Having the quart yogurt tubs on the kitchen c ounter at all times means I collect more scraps and paper every day.
The gardening technique that I use most often is a good one for this situation: postpone anything that takes time or money. But do immediatly whatever gets you the most benefit for the least work.
Maybe create an outdoor "garbage archive" where you "store scraps" UNTIL you have time to fiddle and tweak and enjoy as elaborate a compost ritual as you please.
Pick a spot on the ground. On top of weeds or clay is fine.
Throw kitchen scraps on that spot.
Throw enough paper or leaves over the scraps that neighbors can't see them, and local pets might not dig them up.
Leave anything elaborate for later, but start saving scraps ASAP.
To be fancy, you could surround it with chicken wire or boards bricks or concrete paving stones - anything to keep it from blowing around and make it look intentional. A plywood bin or $100 plastic tumbler isn't necessary. Home Depot has 8x16"x3/4" concrete pavers in brick red or gray for around $1 each.
As long as the garbage lays right on the ground, and something porous covers it, and it has some browns, it won't look or smell bad. Worms, AIR, aerobic bacteria and other micro-soil-critters will keep it smelling like soil instead of "rot". As long as you have enough leaves, paper or clippings to hide the garbage scraps, you're good to go.
The best way to store scraps is in a compost heap!
These photos aren't compost heaps, they're a raised bed and a temporary micro cold frame. But they show how you could "tidy up" a small pile with pavers or fencing.
I find many nice people like yourself here, too. Welcome!
A compost journal sounds awesome!
It would be cool to be able to go look up how long something had been in the pile, when it fails to digest quickly. I think that rhododendron leaves have been my biggest surprise. maybe it's the waxy colating, but thjey just SIT there, even though they are dark green. Next year I'll treat them like tiwgs and mow them repeatedly b efore adding them.
Sometimes I take pictures. Just recently, I ran about 50' of 1/4" tubing from my new drip setup, just so I could position a sprayer to wet down the heap from different angles. That might not be a permanent feature, but for now it is satisfying to know that the WHOLE pile is going to be moist. It always amazed me that I could spray a heap with a hose for many minutes, but only get the olutermost few in ches wet.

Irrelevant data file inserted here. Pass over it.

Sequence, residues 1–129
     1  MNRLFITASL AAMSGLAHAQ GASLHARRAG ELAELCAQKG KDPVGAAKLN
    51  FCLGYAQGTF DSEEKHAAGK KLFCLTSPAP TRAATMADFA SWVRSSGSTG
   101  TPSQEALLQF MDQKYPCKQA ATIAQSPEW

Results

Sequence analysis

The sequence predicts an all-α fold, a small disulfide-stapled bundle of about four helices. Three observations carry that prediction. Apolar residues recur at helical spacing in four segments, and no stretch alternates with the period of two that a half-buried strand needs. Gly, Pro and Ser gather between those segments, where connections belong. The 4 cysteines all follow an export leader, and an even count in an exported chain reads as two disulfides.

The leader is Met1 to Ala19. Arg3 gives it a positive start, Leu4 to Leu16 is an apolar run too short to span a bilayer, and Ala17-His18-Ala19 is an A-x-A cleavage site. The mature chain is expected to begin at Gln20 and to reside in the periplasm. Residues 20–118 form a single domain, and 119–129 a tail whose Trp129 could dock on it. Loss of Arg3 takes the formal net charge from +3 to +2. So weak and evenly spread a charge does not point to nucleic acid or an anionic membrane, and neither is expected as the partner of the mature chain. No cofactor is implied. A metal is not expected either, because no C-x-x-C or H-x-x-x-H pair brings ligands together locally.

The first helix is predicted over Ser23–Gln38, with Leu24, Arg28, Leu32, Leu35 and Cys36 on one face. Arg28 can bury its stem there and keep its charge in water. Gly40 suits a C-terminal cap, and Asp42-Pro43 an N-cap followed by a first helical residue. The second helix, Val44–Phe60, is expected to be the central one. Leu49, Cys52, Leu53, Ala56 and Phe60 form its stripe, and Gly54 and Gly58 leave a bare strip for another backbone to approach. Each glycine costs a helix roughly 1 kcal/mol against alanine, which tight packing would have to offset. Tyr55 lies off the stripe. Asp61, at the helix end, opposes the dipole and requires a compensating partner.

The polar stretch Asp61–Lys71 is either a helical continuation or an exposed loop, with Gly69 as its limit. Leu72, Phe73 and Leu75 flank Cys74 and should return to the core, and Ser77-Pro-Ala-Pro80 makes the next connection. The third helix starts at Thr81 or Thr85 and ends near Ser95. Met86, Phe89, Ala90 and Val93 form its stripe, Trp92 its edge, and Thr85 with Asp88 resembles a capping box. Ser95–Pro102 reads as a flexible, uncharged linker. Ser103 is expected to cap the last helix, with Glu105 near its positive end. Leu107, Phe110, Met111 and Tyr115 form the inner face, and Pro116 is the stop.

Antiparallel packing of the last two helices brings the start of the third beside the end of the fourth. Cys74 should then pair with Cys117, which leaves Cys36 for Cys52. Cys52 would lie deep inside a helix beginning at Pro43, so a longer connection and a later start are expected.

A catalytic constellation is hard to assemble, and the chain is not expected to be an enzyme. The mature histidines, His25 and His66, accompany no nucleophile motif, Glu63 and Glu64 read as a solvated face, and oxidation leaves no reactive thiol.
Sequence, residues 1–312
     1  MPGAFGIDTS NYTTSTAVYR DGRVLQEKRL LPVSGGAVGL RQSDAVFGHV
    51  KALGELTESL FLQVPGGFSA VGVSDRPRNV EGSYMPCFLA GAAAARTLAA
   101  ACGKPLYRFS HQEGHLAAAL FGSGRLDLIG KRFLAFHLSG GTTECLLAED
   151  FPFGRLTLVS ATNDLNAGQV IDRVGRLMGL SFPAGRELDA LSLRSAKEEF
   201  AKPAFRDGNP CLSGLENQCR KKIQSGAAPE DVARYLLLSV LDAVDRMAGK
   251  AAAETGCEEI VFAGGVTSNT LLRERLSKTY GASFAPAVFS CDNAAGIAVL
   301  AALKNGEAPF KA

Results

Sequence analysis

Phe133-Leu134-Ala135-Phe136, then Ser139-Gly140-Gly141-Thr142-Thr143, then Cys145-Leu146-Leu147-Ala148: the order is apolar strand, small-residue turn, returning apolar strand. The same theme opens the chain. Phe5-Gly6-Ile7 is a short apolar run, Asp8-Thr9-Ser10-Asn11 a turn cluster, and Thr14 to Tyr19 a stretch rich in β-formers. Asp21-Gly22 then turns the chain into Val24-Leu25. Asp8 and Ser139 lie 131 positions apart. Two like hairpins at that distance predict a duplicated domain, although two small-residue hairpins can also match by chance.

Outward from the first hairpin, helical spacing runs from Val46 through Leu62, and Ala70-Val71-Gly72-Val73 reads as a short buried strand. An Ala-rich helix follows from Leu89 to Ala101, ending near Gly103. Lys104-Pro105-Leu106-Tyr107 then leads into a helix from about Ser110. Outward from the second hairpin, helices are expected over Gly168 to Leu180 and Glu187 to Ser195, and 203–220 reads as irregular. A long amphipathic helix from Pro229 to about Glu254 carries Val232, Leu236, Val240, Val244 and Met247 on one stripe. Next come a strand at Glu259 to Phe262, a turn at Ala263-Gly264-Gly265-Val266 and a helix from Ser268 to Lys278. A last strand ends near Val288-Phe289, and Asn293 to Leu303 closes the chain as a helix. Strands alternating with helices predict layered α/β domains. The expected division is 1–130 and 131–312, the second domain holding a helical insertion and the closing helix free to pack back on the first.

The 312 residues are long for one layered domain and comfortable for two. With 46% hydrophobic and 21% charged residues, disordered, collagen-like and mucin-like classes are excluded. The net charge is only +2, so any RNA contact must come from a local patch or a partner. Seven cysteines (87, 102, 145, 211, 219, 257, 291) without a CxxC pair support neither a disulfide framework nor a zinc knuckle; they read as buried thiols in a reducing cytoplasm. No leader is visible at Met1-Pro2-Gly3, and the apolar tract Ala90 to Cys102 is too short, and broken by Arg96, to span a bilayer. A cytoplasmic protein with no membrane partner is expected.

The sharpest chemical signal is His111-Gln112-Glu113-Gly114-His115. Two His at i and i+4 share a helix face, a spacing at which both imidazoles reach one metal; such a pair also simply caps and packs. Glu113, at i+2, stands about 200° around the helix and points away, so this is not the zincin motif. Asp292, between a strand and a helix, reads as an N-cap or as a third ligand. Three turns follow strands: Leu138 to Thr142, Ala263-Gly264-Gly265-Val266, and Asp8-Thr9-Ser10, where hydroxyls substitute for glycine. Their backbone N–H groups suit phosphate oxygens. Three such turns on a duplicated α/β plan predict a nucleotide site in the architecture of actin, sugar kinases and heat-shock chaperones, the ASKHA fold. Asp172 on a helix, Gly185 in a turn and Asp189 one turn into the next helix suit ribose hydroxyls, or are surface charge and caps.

When I composting a lot of lawn grass clippings , I would grind a banana peel and a slice of onion in an old blender and throw a handful of older finished compost into the lawn grass clippings, with that.
No matter what I had done previously I had always had trouble getting the grass fiber to break down , that seemed to work pretty good .When the onion odor was gone the compost was finished.
I tried that in a bucket I rolled in the sun and it all turned to liquid , so I don't know if it would work in a tumbler as if it liquefied it would create problems.
oh yes rick ill pass on the compost tea.lol ok back to composting once you have your pile going do you need to keep adding product or when you have the correct c/n your good to go? just wondering how much of my additives i need to save?i'm having so much trouble roaming around this site,i write things in my journal the next day i can't find them...lol
Save pages to save info, ain't rick but I reply, yes a few additives to 'warm up' the pile is usual Unless your done and plan on using it.(the compost) If you warm it up whatever you will likely keep it going only there is the unforeseen as far as encountering difficulty.
I think either style works, depending on what's most convenient for you. But if you pile it all up, then wait for it all to digest, you might need TWO piles so you always have a place to throw more stuff.
I think you can add greens, or soft finely chopped stuff ANY time, because it will break down in just 2-3 weeks. So I add scraps, leaves and coffee grounds every week. I don't really ever expect my pile to get too N-rich.
What I aim for now is to stop adding coarse woody stuff as soon as possible. Like, after spring cleanup I mow the twigs and add them. Any other wood that comes along later, I will store BESIDE the pile for next year.
Then I add greens continuously as I get my hands on them. That might violate all "classic" recipies for composting, I don't know.
This way, I HOPE that the bigger wood chips will decompose enough to use before, say, fall. Whether or not that happens, now my plan is to just take and screen mostly-finished compost any time I need it.